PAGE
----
The Disgustingly Simple Rule for Web Writing That’s Often Hard to Swallow

how to make your web writing easy to digest

Editor’s note: This post was originally published on January 14, 2009. We’re bringing it back today because clear, concise writing on the web never goes out of style.

In 1964, Richard Hofstadter wrote a Pulitzer-prize-winning book called Anti-Intellectualism in America. This rich, thorough book exposed the thread of anti-intellectualism that runs through the culture of practical America.

For example, even though the founding fathers were sages, scientists, and men of cultivation, the Federalists attacked their curiosity and idealism as too trivial for important affairs.

Did you know there’s a thread of anti-intellectualism running through good web writing and design? In fact, web usability demands mindless writing and design.

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What You Don’t Know About Copyright Can Hurt You

are you breaking the law with your content?

As writers, we are very protective of our own creations.

But when we perform research on a topic and come across the perfect passage on a website, or an image that perfectly captures the essence of the point we are trying to make, sometimes it can be tempting to just copy and paste it into our own content.

With that one move, however, you commit copyright infringement — which could cost you your reputation and your business.

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9 Copywriting Books for Web Writers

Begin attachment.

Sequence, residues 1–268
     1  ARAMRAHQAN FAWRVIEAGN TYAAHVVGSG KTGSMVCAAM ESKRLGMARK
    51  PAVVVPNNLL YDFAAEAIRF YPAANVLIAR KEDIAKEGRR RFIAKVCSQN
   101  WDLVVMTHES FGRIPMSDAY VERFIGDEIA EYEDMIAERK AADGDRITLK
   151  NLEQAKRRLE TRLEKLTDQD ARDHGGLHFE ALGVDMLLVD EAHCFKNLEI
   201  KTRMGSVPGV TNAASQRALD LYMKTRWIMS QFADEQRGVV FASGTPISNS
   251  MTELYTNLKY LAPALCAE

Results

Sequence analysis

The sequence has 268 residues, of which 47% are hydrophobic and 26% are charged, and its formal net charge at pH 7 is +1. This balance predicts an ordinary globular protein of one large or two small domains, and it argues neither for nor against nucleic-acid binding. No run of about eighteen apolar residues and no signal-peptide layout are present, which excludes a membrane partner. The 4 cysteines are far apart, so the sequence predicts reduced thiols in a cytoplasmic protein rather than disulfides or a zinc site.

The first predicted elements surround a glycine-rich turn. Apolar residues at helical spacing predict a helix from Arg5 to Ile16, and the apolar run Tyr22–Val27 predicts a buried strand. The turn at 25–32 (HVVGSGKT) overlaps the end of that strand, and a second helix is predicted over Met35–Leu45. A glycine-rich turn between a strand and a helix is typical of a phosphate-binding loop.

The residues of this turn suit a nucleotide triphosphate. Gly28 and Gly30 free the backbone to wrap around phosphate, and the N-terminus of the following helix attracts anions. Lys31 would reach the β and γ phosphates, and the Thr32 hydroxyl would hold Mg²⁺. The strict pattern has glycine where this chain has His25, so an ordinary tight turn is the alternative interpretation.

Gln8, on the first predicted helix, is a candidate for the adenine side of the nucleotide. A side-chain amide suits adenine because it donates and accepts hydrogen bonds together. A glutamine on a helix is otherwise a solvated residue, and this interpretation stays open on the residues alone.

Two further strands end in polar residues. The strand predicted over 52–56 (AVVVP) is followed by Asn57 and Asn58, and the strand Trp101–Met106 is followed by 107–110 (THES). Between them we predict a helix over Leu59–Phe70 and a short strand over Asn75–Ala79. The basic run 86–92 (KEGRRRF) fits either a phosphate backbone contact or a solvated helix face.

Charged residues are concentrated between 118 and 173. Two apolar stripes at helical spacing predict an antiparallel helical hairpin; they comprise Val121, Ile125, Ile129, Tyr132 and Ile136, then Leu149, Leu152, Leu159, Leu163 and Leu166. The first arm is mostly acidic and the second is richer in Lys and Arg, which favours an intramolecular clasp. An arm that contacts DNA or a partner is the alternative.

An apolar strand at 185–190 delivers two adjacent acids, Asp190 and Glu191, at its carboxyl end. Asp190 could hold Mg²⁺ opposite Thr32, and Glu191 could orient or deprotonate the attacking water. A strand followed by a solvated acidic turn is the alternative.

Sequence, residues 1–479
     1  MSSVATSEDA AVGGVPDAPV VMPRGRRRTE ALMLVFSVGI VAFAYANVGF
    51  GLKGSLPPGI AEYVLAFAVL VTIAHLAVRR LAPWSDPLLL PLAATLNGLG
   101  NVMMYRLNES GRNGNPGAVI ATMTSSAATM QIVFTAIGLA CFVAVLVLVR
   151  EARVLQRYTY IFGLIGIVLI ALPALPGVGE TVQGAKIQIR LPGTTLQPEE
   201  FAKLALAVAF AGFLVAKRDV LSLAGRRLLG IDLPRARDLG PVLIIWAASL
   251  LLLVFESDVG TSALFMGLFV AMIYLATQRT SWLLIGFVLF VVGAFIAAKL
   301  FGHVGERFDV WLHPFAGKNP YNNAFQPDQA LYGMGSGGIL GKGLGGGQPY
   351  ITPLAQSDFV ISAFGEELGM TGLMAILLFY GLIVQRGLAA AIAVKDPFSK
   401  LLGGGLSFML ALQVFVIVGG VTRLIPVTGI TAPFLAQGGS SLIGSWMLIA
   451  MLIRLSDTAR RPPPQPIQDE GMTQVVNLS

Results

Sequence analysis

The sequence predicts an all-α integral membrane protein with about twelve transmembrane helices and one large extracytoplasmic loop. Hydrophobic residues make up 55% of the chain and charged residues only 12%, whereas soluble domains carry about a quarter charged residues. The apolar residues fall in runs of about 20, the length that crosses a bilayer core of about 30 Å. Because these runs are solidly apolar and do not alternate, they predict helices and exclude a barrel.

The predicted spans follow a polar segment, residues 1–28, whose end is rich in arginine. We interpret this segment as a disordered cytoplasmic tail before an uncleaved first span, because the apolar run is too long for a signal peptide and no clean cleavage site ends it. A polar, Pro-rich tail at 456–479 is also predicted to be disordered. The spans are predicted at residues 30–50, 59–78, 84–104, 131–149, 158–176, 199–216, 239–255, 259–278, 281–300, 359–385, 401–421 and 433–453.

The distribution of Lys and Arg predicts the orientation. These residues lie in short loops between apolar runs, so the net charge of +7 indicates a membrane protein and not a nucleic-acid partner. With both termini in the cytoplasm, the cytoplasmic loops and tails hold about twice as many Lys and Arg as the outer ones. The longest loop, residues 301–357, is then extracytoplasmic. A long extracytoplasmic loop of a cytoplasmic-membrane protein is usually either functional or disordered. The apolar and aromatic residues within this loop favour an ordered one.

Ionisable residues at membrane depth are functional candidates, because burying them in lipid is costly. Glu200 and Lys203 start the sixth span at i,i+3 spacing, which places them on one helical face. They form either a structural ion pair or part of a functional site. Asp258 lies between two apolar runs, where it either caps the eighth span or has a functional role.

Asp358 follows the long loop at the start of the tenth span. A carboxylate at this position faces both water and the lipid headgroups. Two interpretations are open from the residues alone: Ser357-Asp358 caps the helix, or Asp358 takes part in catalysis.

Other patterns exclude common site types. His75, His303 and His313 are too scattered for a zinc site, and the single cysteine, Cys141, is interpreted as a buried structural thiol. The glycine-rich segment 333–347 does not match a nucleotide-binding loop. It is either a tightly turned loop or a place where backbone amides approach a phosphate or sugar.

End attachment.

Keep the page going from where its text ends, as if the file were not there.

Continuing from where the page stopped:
copywriting-books

Rough Draft host Demian Farnworth doesn’t care who you are — a blogger, freelance journalist, ghostwriter, or ad copywriter — if you are writing on the web, then you need to read these copywriting books.

Two are more recent than the others (and Influence by Robert Cialdini is not technically a direct response copywriting book).

But these are the books Demian would demand you read if teaching a ground-level graduate course on writing for the web, since so many principles of direct response copywriting obey the unbreakable law of the web.

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What’s Your Favorite Word?

favorite-word

In this episode of Editor-in-Chief, discover why you should let go of your preferences to become a more mature writer.

Examine your writing like an Editor-in-Chief to keep your audience engaged and to continue growing as a content creator.

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The Powerful Resource You’ve Always Wanted When Presented with Creative Challenges

how to avoid copycat content

In the fall of 2008, I had every aspect of running my online copy editing business carefully mapped out — but the unpleasant reality that callously illuminated my pretty little map was that there wasn’t much of a business to run.

I had a few clients to keep me busy, but I put way too much hope in my bare-bones website.

At the time, I thought that the mere presence of a website would make clients flock to me and graciously ask for writing help. I’d have a steady flow of clients who were happy to pay me substantial fees, and to pass the time between copy editing work, I’d recline comfortably, eat bon bons, and file my nails.

I was incredibly disappointed and frustrated not only because that scenario was not my reality, but also because I didn’t know the most effective ways to promote my online business.

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Revealed: The Perfect Blog Post Length

blog-post-length

Here’s a million-dollar question: Is there a magical blog post length? In other words, should you aim for a word-count sweet spot?

The answer is no; there is not an ideal word count for a blog post. But there’s an ideal number of questions you need to ask yourself before you write.

And that magic number is 13.

Ask yourself these 13 questions and you’ll discover how long your article should be, whether or not it will be interesting, and if you even have the time to write a good article.

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